Miscellany: 22 March 2007
Now, I rather liked Classic X-Men, but I see two obvious problems with this. First, when people complain about Brian Bendis' Avengers and say they want classic Avengers, they don't mean that classic. The early Avengers stories weren't all that great. That's why they completely changed the format after a couple of years.
Second, Classic X-Men came out in the days when the back catalogue was largely out of print - unless you wanted to buy some ludicrously expensive hardback reprint from the Masterworks range. Surely anyone who's interested in the early Avengers stories already owns Essential Avengers vol 1? And wouldn't that make this rather bad value for money?
- Perhaps the most sublime introduction to a judgment I've read in years, from Scheps v Fine Art Logistic Ltd:
In 1984, the sculptor Anish Kapoor created Hole and Vessel II. It was made of polystyrene, cement, earth, acrylic and pigment and measured 95.2cm x 162.5 cm x 109.2 cm. It is not possible for me to describe it. One expert described it as sensuous and sexy, the other as clumsy and somewht absurd. There is however agreement that it was made during Kapoor's transitional phase when he was "moving away from an exploration of the male/female dichotomy towards an exploration of the void." In his later works, "the void" became an important element. ...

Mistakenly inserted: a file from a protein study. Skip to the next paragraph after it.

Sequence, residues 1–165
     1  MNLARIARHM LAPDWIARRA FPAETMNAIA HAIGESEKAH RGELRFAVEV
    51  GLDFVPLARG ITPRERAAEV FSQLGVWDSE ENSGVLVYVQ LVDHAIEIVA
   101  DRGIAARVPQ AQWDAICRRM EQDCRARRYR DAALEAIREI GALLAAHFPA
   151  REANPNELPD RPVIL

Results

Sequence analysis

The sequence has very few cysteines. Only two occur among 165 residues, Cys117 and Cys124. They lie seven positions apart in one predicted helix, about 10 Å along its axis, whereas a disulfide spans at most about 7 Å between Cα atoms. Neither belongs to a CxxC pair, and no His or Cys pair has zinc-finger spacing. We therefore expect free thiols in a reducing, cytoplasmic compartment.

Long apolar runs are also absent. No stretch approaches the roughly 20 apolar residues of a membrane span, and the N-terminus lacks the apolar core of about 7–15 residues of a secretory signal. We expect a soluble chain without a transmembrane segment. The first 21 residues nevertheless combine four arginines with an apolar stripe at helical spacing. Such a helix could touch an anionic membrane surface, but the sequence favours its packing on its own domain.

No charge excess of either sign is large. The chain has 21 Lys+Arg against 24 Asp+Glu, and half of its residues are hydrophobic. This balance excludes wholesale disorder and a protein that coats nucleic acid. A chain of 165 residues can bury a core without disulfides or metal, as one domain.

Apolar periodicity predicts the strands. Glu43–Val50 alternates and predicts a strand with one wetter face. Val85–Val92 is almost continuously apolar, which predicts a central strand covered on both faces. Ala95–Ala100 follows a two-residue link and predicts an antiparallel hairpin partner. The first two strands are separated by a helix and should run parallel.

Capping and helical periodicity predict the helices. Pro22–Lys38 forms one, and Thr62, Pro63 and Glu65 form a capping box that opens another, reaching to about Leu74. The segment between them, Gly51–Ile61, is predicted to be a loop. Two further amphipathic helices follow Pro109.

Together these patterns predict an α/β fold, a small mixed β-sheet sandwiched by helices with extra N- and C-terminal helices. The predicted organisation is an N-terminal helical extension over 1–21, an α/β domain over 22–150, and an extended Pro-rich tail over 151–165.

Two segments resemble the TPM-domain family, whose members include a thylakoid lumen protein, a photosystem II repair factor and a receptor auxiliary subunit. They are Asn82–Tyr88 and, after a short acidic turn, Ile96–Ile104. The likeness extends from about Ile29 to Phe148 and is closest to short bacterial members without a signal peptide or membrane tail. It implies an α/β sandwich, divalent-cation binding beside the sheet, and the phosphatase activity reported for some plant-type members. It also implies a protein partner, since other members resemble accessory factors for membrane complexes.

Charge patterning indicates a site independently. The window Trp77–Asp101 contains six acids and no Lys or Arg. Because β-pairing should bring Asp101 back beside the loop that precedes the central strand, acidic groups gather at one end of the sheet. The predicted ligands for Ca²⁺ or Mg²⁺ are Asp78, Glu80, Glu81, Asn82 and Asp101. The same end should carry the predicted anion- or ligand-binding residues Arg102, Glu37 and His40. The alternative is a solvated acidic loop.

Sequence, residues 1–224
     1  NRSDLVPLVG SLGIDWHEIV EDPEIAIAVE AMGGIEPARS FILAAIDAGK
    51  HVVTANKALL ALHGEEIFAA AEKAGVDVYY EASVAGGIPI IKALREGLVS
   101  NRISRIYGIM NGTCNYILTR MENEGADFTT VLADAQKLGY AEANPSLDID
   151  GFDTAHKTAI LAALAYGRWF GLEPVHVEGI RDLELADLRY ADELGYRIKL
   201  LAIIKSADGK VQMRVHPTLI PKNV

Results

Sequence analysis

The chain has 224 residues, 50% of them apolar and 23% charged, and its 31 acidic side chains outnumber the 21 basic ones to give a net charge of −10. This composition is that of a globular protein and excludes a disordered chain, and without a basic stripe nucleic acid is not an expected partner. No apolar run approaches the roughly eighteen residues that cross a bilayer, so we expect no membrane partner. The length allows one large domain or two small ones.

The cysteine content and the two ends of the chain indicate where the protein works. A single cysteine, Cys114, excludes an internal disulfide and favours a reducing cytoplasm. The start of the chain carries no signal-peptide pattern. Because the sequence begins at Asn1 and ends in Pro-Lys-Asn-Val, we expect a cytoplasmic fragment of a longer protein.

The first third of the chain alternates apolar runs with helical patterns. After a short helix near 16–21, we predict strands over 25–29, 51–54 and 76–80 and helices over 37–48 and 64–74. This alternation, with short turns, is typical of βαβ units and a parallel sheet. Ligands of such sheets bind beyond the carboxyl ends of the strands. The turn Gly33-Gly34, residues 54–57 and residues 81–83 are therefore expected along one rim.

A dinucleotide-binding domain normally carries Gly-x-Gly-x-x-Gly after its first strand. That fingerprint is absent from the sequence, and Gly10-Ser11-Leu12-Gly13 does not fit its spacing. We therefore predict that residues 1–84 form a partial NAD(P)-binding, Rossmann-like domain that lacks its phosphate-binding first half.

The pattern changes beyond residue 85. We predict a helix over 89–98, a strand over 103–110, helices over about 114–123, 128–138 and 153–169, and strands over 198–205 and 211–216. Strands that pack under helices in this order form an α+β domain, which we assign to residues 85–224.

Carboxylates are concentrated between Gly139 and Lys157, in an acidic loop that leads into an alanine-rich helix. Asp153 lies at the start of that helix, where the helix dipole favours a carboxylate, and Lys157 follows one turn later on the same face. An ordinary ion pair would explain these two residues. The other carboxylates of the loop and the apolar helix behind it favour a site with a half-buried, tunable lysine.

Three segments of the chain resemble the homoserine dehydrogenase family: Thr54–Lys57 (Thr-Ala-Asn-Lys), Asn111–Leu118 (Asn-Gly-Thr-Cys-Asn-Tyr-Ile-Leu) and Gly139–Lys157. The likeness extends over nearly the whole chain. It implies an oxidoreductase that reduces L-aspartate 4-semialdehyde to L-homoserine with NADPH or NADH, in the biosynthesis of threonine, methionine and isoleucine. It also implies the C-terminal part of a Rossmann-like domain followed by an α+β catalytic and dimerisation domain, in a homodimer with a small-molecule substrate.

The Claimant, Ofir Scheps, purchased Hole and Vessell II from the Phoenix Insurance Company in June 2004 at a price of US$35,000... In the same month he instructed Fine Art Logistics Limited, the Defendant, to collect the sculture from Christie's and store it before taking it to Anish Kapoor's studio in London for some restoration work. But in September 2004 it could not be found by the Defendant in any of its storage units. It is the considered opinion of the general manager of the Defendant that Hole and Vessel II was, by mistake, placed in a skip and destroyed at a waste transfer station.
Whoops. The rest of the judgment is... well, mildly entertaining if you're into the incorporation of standard terms, I suppose. But I like that opening.
- Here's an oddity - in their continuing attempt to get away from that "new rave" tag that they now regret coining in the first place, the Klaxons have re-shot the video for Gravity's Rainbow. They haven't made a different video, as such. They've just done something broadly similar on a higher budget. Not sure I've seen that before.
The original's better, isn't it? More energy. Incidentally, MTV is pixellating the knife (even though it's only used to cut a curtain), which seems a bit excessive.